On cordial invitation from Mr. E. T. Sturdy, and Miss Henrietta Miiller whom he had met in America , he visited England. He succeeded in making a deep and lasting impression upon those whom he met. Among these was Miss Margaret Noble, who later on was known as Sister Nivedita. She met him first in November, 1895.His magnetic spiritual lectures aroused Margaret's dormant religious aspirations and desire to serve humanity under his guidance. Nivedita was an inquisitive and argumentative kind of lady and filled with intense desire to educate people, serve humanity and fulfill her spiritual quest. 

Swami Vivekananda’s lectures and personality made her deeply convinced about the wisdom of Vedanta and Bharatiya culture. She expressed her intention to join his mission. Swami Vivekananda, frankly put forward all possible difficulties if she joins his mission but he simultaneously highlighted her strengths also. In his reply to letter from her on July 1897 he wrote:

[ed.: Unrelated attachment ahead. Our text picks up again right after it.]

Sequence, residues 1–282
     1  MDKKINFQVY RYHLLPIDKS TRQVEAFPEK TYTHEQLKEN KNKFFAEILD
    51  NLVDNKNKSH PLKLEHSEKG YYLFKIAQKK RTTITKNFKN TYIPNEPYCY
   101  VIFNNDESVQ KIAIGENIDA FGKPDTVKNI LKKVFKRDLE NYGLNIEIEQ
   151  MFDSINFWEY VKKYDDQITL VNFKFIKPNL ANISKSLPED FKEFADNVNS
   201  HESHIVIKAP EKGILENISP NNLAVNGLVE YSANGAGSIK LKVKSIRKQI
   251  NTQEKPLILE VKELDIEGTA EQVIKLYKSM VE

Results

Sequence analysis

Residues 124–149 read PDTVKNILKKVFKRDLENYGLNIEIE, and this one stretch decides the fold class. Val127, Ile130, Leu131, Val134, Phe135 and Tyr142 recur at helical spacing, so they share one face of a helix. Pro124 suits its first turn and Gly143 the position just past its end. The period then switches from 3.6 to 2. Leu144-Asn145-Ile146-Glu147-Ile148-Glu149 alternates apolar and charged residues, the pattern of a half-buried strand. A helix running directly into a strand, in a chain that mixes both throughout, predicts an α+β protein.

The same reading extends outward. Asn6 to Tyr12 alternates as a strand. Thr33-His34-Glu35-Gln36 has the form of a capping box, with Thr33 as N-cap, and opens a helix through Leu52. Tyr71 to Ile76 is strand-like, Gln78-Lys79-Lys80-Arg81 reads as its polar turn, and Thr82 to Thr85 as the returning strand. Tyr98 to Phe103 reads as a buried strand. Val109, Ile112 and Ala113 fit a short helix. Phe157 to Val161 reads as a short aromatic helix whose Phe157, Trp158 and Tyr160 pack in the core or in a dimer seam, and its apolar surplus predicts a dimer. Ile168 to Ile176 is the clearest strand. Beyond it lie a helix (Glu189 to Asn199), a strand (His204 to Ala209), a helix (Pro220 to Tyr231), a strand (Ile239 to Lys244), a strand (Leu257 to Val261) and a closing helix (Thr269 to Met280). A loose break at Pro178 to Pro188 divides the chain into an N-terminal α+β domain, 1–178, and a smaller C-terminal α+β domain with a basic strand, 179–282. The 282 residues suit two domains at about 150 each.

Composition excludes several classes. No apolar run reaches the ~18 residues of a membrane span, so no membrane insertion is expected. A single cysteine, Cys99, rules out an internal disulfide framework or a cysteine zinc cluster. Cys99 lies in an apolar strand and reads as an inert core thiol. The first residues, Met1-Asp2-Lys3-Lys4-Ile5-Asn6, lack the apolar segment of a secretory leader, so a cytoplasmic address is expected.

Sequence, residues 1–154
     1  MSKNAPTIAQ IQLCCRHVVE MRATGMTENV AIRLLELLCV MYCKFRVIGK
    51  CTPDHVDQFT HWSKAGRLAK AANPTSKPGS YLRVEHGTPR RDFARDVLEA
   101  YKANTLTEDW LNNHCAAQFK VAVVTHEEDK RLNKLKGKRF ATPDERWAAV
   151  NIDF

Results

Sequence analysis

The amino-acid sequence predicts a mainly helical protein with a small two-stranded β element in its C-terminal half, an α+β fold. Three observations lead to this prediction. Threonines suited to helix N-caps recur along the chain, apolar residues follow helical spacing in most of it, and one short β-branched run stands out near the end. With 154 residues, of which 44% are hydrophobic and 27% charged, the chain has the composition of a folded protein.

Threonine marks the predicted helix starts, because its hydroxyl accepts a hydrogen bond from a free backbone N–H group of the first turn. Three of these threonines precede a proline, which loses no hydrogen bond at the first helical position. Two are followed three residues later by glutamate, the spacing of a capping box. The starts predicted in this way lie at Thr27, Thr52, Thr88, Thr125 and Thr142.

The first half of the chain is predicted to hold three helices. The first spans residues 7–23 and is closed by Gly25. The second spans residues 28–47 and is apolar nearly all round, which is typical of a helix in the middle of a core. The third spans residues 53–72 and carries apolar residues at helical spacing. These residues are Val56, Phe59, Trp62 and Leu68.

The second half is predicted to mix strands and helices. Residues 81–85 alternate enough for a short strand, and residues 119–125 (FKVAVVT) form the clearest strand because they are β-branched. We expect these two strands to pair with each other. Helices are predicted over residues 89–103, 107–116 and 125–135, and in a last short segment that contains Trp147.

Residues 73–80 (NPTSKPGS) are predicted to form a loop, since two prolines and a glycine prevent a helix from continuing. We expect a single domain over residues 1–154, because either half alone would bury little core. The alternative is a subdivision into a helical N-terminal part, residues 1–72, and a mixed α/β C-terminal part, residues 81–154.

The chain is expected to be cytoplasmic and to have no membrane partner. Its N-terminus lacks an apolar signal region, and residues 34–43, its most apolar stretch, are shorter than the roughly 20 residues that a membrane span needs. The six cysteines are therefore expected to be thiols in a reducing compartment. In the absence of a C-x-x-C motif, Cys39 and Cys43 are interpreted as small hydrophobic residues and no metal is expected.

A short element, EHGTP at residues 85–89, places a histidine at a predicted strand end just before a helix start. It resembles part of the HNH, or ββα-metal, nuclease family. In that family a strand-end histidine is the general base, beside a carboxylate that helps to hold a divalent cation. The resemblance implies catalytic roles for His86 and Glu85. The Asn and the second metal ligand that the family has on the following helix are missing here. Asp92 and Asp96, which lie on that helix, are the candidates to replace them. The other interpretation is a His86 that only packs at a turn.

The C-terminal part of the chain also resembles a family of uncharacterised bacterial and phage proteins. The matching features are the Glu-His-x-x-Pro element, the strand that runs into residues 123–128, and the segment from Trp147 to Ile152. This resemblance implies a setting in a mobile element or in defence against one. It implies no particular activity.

“Let me tell you frankly that I am now convinced that you have a great future in the work for India. What was wanted was not a man, but a woman; a real lioness, to work for the Indians, women specially. 

''India cannot yet produce great women, she must borrow them from other nations. Your education, sincerity, purity, immense love, determination and above all, the Celtic blood make you just the woman wanted.” 

Margaret finally decided to dedicate herself at the feet of Swami Vivekananda and came to India in 1897. She was initiated into the order of brahmacharya by Swamiji on March 25, 1898 and conferred new monastic name ‘Nivedita’ which means ‘Dedicated’. The purpose behind adopting her to Swamiji’s mission was not merely to add just one more disciple but to transform her completely in to Indic tradition. She internalised the Vedantic vision and practiced Vedanta making contributions to all walks of life.